Nankeen KestrelFor more information on  Canberra’s birds go to Canberra birds

The threatened Pink-tailed Worm Lizard (Aprasia parapulchella) is found across  much of the reserve. Not to be mistaken for a snake, it has a slender, grey  brown or coppery brown body with a blunt head and rounded tail. It reaches a  total length of around 240mm. It lives in rocky native grassy areas, especially  large tussock grasses.

Geology

Every  rock tells a story

More than 425 million years ago a shallow sea  teeming with life covered much of south eastern Australia including  brachiopods. These are two shelled animals similar to scallops that were  anchored to the sea floor. There were also coral-like bryophytes and trilobites  – a rich group of segmented arthropods which either fed on the sea bottom or  swam above it.

Nearby present day Mount Taylor was a chain of  scattered islands in the shallow sea, similar to the present day islands of  Japan. Active volcanic islands formed due to the crustal extension forming the  rift which Canberra is built upon. The violently eruptive volcanoes deposited  volcanic debris from huge volcanic explosions (Laidlaw Volcanics). The rocks  spewed out by the Laidlaw Volcanics are found mostly in the southern and  western Canberra region.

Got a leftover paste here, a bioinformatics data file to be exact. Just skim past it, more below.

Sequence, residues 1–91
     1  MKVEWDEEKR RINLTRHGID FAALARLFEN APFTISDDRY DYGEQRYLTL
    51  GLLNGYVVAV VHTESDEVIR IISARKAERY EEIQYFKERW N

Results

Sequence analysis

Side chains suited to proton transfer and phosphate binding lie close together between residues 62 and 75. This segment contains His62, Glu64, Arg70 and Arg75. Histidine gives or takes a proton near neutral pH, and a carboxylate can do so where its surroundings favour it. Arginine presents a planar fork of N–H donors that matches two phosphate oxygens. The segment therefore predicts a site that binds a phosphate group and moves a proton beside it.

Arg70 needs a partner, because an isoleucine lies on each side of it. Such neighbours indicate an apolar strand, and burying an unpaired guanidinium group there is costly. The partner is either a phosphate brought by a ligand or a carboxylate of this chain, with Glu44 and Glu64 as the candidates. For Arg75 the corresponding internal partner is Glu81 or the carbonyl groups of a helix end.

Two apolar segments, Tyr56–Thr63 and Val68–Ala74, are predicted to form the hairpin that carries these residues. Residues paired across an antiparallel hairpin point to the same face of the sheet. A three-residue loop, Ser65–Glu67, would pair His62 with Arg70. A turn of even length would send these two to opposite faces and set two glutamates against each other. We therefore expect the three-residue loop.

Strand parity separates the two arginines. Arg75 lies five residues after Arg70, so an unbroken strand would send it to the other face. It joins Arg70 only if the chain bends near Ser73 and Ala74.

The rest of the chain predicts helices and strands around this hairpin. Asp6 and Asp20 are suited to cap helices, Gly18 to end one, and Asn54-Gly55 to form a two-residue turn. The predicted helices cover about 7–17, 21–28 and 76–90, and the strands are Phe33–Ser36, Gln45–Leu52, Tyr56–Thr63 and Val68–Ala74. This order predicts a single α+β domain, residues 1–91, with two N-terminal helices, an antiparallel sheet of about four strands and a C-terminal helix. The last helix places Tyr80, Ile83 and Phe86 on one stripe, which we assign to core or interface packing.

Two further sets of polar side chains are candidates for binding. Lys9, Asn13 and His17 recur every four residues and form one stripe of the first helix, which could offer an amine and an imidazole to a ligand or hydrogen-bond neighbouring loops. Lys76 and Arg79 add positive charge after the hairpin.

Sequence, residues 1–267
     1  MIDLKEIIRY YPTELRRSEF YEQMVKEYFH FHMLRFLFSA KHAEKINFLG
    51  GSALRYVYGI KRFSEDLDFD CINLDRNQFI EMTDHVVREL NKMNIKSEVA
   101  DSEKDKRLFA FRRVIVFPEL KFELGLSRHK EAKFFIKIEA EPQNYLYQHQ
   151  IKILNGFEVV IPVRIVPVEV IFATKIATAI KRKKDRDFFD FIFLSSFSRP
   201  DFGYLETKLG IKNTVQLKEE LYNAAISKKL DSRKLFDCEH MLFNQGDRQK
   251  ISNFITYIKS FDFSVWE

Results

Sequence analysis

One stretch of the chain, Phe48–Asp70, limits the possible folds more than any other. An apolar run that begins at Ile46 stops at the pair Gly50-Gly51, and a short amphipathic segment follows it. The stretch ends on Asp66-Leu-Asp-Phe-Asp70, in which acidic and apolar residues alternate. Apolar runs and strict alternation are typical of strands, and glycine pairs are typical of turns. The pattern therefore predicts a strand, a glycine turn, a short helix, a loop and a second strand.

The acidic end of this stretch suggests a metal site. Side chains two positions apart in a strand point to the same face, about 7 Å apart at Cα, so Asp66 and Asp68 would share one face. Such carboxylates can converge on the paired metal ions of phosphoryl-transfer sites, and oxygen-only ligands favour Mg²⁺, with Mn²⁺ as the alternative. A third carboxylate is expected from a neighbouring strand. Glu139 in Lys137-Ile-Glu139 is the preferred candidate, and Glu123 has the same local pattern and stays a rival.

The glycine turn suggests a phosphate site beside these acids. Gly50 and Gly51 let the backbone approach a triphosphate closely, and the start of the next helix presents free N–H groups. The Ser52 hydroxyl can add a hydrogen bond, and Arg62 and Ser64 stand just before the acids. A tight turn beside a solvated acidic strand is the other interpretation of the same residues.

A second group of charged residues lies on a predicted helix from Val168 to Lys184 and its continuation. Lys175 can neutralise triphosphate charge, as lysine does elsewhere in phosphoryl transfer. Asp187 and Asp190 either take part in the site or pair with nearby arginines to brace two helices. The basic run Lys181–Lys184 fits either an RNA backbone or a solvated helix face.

The explosive debris from the Laidlaw Volcanics  can be found on the summit of Mount Taylor. The gravel once quarried at Mount  Mugga Mugga is also part of the Laidlaw Volcanics Suite.

Cultural landscape

A continuing connection  to country through past present and future

The Mount Taylor region  has a long and varied place in our cultural history as a cultural landscape.  Aboriginal people lived in and managed the landscape in this region for  thousands of years and have maintained a connection to the land to the present  day. Generations of Aboriginal people have cared for Country, and have been  sustained, physically and spiritually, through their relationship with the land,  waterways and cosmology. Traditional Custodians have actively managed the landscape  for thousands of years, through activities such as ‘fire stick farming’ and  selectively cultivating certain plants, which created the landscapes first seen  by European explorers and settlers. Grasslands  were frequently burnt to fresh, succulent, green growth to attract animals for  hunting and to provide open pathways for travel.